12 April 2018 | rannynm
Inspiring account of a true story
The Miracle Season is an inspiring account of a true story. The acting and narration respectfully accommodate the actual people involved. This is sure to be a worthwhile watch for any sports movie fan.
The story follows talented volleyball team, The Women of Troy, as they seek to win the championship. However, a tragic accident results in the death of team leader Caroline Found (Danika Yarosh). As a result, the team disbands in mourning, with coach Kathy (Helen Hunt) trying to lighten and reunite its hopeless members. Caroline's best friend Kelly (Erin Moriarty) chooses to become team leader and respect Caroline by espousing the championship. This results in a grueling training season where all team members must put aside their grief and work together to compete. With extreme stakes at hand, the team must win in order to fully respect Caroline's legacy and rectify their losses.
Helen Hunt, as Kathy, incredibly presents her tough-love attitude towards her team and their determination to win the championship. She performs wonderfully in depicting Kathy's attempt to imbue the team with a purpose in the most hopeless of circumstances. Erin Moriarty, as Kelly, excellently portrays her growth from novice volleyball player to motivating leader. Danika Yarosh, as Caroline, exceptionally characterizes her teenage friendship with Kelly, including some recklessness at times. This allows her accident to have an emotional weight to it. William Hurt, as Ernie, is my favorite character due to his character arc through his grief of his daughter's death, as he slowly pushes people closest to him away. His friendship with Kathy allows for a humanizing and emotionally charged redemption from his self-pity.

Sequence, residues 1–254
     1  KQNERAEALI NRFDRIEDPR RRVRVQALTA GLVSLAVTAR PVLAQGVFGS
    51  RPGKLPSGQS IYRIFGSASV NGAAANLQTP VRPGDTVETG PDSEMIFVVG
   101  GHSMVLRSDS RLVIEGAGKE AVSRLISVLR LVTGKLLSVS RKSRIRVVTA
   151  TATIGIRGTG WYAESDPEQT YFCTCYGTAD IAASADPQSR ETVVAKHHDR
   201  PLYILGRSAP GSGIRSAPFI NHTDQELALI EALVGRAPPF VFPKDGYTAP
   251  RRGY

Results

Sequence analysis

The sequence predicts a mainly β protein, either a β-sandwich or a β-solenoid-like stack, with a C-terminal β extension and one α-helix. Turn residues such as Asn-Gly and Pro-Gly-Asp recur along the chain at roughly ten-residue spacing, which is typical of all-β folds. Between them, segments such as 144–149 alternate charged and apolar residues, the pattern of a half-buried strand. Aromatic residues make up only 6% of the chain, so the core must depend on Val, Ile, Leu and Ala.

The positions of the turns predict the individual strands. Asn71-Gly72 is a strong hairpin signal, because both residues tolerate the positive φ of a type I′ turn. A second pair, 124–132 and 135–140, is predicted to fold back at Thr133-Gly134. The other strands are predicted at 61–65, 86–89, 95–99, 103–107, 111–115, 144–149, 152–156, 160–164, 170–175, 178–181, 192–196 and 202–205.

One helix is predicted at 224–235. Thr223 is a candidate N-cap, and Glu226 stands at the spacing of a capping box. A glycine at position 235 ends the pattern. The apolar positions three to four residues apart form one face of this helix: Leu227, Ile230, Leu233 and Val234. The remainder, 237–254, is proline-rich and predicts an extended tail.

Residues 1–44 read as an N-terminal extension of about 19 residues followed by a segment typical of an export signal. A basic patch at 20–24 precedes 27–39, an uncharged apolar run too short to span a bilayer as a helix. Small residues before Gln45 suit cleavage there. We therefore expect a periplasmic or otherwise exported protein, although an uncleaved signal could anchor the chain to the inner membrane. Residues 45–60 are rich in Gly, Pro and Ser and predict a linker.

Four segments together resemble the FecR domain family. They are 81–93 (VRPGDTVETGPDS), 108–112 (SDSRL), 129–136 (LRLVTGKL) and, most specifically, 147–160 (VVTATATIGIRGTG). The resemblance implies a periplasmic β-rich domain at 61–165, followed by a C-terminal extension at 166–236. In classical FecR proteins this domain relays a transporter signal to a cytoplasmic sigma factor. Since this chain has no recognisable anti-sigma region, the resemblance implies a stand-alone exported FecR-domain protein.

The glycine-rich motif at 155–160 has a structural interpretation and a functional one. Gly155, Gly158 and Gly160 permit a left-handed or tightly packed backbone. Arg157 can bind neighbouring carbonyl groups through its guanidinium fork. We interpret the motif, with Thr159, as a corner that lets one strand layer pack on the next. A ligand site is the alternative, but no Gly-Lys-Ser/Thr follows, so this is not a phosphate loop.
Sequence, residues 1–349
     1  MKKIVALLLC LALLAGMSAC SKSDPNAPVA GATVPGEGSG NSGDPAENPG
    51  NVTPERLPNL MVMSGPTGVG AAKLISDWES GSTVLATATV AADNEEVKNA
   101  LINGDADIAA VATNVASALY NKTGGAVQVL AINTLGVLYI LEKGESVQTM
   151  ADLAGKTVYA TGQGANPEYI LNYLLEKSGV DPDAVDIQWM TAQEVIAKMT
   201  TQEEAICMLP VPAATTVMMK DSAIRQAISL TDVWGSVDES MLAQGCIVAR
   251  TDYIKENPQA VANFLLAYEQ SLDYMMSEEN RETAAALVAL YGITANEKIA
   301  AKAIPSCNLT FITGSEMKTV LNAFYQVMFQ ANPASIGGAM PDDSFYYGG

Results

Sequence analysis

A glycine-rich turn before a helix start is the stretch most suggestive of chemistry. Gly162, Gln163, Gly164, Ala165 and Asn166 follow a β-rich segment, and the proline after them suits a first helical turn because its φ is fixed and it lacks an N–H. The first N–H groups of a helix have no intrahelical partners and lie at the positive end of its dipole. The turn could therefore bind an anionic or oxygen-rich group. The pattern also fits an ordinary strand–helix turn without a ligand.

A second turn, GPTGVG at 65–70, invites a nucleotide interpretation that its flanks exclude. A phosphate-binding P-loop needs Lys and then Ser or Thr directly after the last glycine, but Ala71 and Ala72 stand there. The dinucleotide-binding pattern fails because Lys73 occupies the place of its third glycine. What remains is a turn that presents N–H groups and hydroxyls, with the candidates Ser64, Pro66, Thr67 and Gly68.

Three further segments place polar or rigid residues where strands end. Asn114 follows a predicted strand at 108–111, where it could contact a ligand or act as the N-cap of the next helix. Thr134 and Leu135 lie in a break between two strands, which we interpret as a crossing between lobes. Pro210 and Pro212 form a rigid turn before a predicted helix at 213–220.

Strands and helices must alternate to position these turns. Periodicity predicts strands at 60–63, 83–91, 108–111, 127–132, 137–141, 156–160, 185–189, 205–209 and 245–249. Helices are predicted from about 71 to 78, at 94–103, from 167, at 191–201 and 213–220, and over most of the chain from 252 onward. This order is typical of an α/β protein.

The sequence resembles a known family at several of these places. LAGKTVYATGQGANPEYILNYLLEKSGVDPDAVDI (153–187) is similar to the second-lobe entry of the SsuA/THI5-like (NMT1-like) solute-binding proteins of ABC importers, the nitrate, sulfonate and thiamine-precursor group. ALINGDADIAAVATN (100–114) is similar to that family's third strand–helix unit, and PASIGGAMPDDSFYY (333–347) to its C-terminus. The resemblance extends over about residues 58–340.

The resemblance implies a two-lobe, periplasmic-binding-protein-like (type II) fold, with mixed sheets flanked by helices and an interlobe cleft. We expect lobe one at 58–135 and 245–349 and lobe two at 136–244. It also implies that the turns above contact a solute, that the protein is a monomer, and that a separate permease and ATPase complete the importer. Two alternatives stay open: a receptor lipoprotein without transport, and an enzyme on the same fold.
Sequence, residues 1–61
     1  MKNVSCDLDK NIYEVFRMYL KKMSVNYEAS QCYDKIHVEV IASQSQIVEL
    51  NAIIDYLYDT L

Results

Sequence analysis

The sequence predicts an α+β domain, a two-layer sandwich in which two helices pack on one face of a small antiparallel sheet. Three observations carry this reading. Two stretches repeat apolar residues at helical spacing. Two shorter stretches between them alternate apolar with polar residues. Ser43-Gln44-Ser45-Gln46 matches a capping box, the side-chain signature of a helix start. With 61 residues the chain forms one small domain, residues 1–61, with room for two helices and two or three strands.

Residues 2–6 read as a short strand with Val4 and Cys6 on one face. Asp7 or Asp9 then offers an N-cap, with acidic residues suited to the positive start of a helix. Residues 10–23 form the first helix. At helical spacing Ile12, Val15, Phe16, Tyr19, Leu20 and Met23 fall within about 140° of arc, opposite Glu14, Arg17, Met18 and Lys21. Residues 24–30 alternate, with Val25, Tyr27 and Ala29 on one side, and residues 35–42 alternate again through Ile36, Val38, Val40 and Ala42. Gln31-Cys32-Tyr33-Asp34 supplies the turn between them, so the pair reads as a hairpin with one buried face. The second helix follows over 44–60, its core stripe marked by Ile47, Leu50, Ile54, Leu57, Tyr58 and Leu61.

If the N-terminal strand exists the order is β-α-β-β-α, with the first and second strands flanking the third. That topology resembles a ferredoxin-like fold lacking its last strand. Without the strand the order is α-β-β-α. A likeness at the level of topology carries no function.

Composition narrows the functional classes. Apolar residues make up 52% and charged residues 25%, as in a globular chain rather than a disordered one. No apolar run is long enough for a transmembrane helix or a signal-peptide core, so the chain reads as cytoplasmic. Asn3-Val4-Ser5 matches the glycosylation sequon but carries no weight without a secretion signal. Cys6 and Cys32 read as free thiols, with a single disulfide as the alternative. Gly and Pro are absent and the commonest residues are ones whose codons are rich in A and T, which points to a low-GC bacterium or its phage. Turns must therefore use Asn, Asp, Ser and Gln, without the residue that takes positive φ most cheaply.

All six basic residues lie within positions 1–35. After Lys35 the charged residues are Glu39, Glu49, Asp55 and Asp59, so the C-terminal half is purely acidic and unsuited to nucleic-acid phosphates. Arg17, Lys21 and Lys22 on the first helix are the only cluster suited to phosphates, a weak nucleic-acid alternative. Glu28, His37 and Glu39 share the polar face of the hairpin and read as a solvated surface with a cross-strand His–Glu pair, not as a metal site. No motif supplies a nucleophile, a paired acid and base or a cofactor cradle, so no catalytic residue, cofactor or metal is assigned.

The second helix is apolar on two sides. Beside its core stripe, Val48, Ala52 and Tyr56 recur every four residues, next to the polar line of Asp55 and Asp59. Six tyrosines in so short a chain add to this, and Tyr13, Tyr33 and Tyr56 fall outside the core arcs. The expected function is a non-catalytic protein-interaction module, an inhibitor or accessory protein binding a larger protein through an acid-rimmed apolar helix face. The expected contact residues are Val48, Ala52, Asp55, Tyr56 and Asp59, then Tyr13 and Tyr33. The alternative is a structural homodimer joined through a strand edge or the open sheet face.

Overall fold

Sean McNamara directs the movie with a scenic chronological representation of the events that happened in real life. My favorite scene is one where Kelly and Ernie talk about their regrets, resulting in Ernie asking Kelly to stop being so harsh on herself. I love how it portrays a relatable aspect of life. The flaw with the movie comes in the first act, when it feels like another cliché teen drama. Fortunately, it improves once the more humanizing aspects of the story come into play. However, there is an overuse of mainstream music during much of the movie, which results in a few of the most emotional scenes being completely nullified.
The message of this movie is to always remain as a source of hope for others. Despite the extreme pressure the team faces, Kelly always finds a way to assure her teammates. I give this film 3.5 out of 5 stars and recommend it for ages 6 to 18.
Reviewed by Arjun N., KIDS FIRST! Film Critic. For more reviews by youth, visit kidsfirst dot org